How To Play Wordle For Free Forever Even If It Gets Plopped Behind A Paywall

Wordle How-To
There was a bit of a freak-out when it was learned that John Wardle, developer of the viral hit Wordle, sold his word game to The New York Times for a sum in the "low seven figures." While Wardle can now deservedly relish in being a millionaire, the question is, how long with Wordle remain free to play before it gets stuck behind a paywall? Who knows, but you can take matter into your own hands.

Now to be clear, NYT is committed to keeping the game free for the time being. In a news article that appears on its own website, one of the site's journalists wrote, "The company said the game would initially remain free to new and existing players." Qualifying that statement with "initially" doesn't give us warm fuzzies, nor does the latter half of the article extolling the outlet's paywall strategy that's been in place since 2011.

If we had to guess, it's only a matter of time before Wordle is hidden behind a paywall. While it may not incur an additional cost to play, it would be limited to people who pony up for a subscription to the site, if that scenario comes to pass. So, what can you do?

How To Save Wordle To Your PC

While you still can, you may want to save Wordle to your PC. Credit goes to Aaron Rieke (@aaronkbr) for bringing to attention that since Wordle is basically just a webpage that runs on client-side code, saving it ensures you can play it locally no matter what NYT ends up doing with the game.

Wordle Tweet
As he points out, the daily words are stored in the code, and there are thousands of them. So okay, maybe saying "forever" is technically incorrect, but by saving Wordle to your PC, you could continue to play at no cost for many years. Decades, actually—plenty long enough for the next viral hit to emerge (remember when we were all playing Pokemon Go?). And you wouldn't even need an internet connection.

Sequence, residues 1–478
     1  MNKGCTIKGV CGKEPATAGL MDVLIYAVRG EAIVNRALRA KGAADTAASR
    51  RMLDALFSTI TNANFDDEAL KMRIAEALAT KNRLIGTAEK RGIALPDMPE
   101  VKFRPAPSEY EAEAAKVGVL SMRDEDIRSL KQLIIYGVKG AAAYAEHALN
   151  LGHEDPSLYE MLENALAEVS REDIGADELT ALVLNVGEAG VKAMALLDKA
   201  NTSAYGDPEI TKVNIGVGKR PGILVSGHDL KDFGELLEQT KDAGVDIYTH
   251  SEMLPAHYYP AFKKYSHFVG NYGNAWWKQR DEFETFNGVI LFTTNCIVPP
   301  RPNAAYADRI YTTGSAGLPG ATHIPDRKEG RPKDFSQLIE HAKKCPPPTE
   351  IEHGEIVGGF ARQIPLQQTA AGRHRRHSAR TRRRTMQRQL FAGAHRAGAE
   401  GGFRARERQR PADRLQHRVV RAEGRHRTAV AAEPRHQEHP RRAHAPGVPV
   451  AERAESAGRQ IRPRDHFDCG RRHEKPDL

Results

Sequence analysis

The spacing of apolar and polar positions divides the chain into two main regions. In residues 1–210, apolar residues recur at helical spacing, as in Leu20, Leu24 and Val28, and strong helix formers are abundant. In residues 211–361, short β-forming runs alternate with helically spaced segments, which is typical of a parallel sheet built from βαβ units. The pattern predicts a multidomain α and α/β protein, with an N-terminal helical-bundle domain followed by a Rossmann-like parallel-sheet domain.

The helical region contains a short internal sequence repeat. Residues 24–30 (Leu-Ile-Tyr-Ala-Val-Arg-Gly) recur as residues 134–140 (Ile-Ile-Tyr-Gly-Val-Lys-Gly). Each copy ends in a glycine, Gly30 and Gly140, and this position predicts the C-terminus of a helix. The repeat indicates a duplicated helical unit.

"So you cold save a copy of the website right now, *unplug your computer from the internet,* and play Wordle every day for years," Rieke points out in a follow-up post.

All you have to do is fire up Wordle in your browser, right-click, and select Save as... to save a copy to your desktop. What's also great about this is that it retains the functionality to share your solutions to social media, if you're into that, and everyone else who plays will be solving the same words as you each day.

There are nearly 13,000 words stored in the code, so this trick (if you want to call it that) ensures you can continue to play for free for more than 35 years.

Not feeling it? Well, here are some alternatives...
  • Wordle Archive: Play hundreds of previous games whenever you want.
  • Lewdle: Created by Gary Whitta (Book of Eli, Rogue One, After Earth), it's the same concept as Wordle, but all the words (including the ones you can guess) are "rude" and/or vulgar. This one is NSFW.
  • Absurdle: An "adversarial" take on Wordle, whereby the game will actively try to avoid giving you the answer.
  • Dordle: You play two Wordle clone boards at the same time.
  • Hello Wordle: Wordle clone with more options (like configuring 4-11 letters).
  • Squirdle: Somewhat like Wordle, but for fans of Pokemon.
Happy gaming!
Tags:  Gaming, how-to, wordle